Come on, ring those bells!

How to turn pizza, paper plates, a dark, dank basement, and a sad farewell into a festival to remember.

At the time this article was written, Cathy McBride was living in Mouitrie, Georgia, where her husband pastored a church. She does free-lance writing and is active in the church community.

It was December 1982. Christmas trees sparkled in store windows and in residences—from narrow row houses to the brick shoe-box louses that are so familiar to Chicago. Children dreaming of brightly colored toys skipped excitedly through department stores, hanging onto the hands of hassled parents. The spirit of Christmas seemed to have enlivened everyone. Everyone but me.

"I can't believe this is happening," I said as I walked through the dark old church with my husband. "And why on Christmas Day? Great timing—some Christmas this will be!"

We were moving to another pastorate. On Christmas, of all days, we would have to say goodbye to the congregation we had worked with for two and a half years—the first church of our ministry. We had watched these families grow, seen them triumph over personal hard ships and grow strong in Christ. Now we must leave them. Though the familiar words of "I Heard the Bells on Christmas Day" were running through my head, for me the bells were silent this Christmas.

The frail wooden staircase squeaked as though in sympathy with our pain as we made our way down to the basement. Like forgotten friends, memories called to us from every corner of the building.

"Remember the rainy Sabbath morning when we got to church and found three inches of muddy water in the basement?" I asked LeBron.

"How could I forget? There was nothing I could do but take off my coat, socks, and shoes, roll up my pant legs, and start mopping. One thing's for sure, I never had to worry about becoming too proud here. Plenty of experiences helped me remember that the pastor is just one of the servants!"

"You did look hilarious that morning. From the waist down you could have passed for Huck Finn wading in the Mississippi! And all those dried leaves and sticks swimming around here. We never did figure out how they got in."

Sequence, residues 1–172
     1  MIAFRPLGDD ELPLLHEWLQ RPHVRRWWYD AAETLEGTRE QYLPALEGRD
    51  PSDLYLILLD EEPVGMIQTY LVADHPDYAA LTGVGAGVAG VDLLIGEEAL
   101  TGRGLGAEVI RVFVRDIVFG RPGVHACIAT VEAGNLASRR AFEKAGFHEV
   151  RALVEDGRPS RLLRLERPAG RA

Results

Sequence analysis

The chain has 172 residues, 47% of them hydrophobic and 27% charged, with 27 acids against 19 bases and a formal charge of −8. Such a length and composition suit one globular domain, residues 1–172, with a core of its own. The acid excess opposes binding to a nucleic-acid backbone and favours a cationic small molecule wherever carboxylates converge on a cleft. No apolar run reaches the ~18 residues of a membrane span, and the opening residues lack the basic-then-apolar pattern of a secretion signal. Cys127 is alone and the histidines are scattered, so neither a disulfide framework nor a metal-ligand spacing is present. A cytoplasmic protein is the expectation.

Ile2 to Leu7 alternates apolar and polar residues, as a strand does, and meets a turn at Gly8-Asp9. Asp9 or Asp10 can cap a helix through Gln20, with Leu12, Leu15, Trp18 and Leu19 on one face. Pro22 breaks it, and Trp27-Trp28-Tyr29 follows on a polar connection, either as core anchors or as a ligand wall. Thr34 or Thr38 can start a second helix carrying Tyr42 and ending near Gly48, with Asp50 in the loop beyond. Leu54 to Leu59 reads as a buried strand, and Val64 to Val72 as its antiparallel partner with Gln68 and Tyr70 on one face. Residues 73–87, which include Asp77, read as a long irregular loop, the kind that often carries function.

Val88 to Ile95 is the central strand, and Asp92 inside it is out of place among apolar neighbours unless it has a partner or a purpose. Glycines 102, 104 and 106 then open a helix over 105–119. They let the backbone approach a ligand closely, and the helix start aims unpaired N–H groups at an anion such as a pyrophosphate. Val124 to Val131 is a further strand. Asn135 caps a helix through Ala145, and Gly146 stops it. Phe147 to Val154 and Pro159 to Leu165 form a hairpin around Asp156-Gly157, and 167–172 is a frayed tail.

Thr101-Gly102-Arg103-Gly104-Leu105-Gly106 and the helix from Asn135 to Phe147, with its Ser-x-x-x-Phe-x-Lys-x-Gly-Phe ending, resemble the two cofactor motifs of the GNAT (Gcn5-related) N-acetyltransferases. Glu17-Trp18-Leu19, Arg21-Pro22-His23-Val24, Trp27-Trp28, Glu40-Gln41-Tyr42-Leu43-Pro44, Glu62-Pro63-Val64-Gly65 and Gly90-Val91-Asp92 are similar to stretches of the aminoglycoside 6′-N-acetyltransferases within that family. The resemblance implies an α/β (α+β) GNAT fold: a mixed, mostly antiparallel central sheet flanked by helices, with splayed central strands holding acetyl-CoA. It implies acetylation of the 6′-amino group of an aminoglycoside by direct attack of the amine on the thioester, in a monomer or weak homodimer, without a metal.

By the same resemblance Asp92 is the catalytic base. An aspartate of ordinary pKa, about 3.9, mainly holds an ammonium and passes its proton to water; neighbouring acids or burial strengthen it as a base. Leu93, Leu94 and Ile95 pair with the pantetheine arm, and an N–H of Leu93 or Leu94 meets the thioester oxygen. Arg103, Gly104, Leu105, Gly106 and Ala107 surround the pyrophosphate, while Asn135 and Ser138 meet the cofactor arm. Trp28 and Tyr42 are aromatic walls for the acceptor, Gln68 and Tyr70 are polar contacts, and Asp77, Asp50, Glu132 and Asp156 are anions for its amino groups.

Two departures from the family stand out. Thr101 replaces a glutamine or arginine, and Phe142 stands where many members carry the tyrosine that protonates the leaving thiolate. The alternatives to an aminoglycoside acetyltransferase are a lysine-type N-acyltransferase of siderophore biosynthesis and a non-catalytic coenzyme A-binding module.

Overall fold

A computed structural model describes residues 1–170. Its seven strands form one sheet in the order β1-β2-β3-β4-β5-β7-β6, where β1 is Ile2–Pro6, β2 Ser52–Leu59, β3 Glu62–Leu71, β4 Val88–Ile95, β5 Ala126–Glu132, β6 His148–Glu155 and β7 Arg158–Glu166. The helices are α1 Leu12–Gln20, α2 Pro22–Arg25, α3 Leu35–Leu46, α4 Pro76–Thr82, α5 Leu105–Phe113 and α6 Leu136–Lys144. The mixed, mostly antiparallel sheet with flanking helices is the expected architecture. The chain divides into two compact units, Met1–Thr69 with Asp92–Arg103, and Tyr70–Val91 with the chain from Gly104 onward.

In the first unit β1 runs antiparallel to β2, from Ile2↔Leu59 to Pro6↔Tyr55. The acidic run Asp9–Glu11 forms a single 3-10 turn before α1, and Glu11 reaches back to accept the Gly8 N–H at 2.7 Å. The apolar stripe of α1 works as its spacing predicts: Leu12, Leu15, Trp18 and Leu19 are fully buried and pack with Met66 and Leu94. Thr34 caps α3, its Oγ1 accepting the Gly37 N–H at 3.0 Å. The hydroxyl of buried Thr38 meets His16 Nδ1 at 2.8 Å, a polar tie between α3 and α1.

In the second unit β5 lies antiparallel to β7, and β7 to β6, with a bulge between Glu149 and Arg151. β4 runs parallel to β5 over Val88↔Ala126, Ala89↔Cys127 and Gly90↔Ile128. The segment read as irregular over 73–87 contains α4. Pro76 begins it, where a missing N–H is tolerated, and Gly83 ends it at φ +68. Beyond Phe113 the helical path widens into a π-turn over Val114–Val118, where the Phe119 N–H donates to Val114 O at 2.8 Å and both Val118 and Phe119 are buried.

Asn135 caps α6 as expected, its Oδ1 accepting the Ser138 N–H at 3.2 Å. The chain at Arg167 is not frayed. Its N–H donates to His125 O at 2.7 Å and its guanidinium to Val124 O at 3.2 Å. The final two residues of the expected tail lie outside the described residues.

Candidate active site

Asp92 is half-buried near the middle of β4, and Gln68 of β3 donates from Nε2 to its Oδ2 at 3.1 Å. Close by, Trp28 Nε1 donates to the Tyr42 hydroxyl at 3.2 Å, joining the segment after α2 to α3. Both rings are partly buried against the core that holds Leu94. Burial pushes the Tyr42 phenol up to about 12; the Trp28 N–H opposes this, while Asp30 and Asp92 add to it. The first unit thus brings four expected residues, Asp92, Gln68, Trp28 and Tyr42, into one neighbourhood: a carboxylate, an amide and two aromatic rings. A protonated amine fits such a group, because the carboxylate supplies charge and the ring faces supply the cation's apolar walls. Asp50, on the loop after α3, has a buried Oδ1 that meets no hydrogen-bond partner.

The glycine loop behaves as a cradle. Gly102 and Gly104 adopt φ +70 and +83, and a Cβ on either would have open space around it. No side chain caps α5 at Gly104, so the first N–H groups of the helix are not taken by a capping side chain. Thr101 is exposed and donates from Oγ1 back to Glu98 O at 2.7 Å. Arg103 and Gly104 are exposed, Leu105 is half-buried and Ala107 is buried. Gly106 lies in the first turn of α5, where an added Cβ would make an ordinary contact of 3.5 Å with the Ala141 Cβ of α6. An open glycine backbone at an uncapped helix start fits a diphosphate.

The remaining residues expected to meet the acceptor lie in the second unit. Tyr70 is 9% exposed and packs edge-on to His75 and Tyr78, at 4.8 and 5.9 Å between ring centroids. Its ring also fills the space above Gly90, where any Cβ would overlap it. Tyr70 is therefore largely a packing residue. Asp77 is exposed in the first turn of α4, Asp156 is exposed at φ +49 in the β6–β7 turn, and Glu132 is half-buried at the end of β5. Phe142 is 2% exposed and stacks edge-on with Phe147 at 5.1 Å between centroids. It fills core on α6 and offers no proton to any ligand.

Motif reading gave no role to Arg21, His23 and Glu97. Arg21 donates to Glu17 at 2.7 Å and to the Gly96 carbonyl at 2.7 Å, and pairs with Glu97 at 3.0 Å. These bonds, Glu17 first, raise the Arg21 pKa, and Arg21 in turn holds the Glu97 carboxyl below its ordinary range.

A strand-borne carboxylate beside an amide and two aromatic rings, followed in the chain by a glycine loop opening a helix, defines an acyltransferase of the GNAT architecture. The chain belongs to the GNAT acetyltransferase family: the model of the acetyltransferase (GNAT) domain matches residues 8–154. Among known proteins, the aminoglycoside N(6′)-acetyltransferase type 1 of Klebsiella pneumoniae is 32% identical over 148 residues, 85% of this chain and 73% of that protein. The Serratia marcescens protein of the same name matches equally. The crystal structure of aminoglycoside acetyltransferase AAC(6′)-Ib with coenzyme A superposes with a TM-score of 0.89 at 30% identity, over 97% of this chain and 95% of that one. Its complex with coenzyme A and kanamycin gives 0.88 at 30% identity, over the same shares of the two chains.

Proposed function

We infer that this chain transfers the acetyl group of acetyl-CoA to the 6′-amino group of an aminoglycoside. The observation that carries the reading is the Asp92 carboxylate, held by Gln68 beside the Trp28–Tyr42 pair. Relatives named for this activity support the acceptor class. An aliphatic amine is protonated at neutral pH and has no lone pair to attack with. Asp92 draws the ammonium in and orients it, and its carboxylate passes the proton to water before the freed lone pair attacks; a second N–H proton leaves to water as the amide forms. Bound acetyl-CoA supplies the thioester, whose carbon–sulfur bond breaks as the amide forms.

"I wouldn't have been surprised to find a few fish in here too!" LeBron added.

"Say, maybe we should stick a few fishing poles in the closet for the next pas tor!"

Our laughter lifted our spirits for a moment. "Remember at last year's Christmas party when we gave Mrs. Grentz that can of nonstop shaving cream from the trick shop?" I asked. "She was a sight—yelling with excitement as it spewed all over her!"

"We've had such beautiful times in this church," LeBron mused. "I wish we could make our last day together beautiful too. What can we do to change this Christmas from sad to glad?"

"You're the optimist in the family," I reminded him. "But there's no way to make Christmas bells ring this year. I'm too depressed to even try."

"What about your pictures ?" he asked. "Maybe we could find a way to use them."

I had taken many 35-mm. slides of church members—some pictures serious, others humorous. Many had captured the personalities of the individuals portrayed.

There were action shots depicting church members participating in softball and horseshoe games. Tender moments between parent and child were captured, as well as portraits of children alone— making funny faces, carrying offering plates, or making messes of their meals and themselves.

A bud of hope began to break through the hard ground of my depression. "You may have something, hon. Maybe we could arrange a slide presentation for Christmas."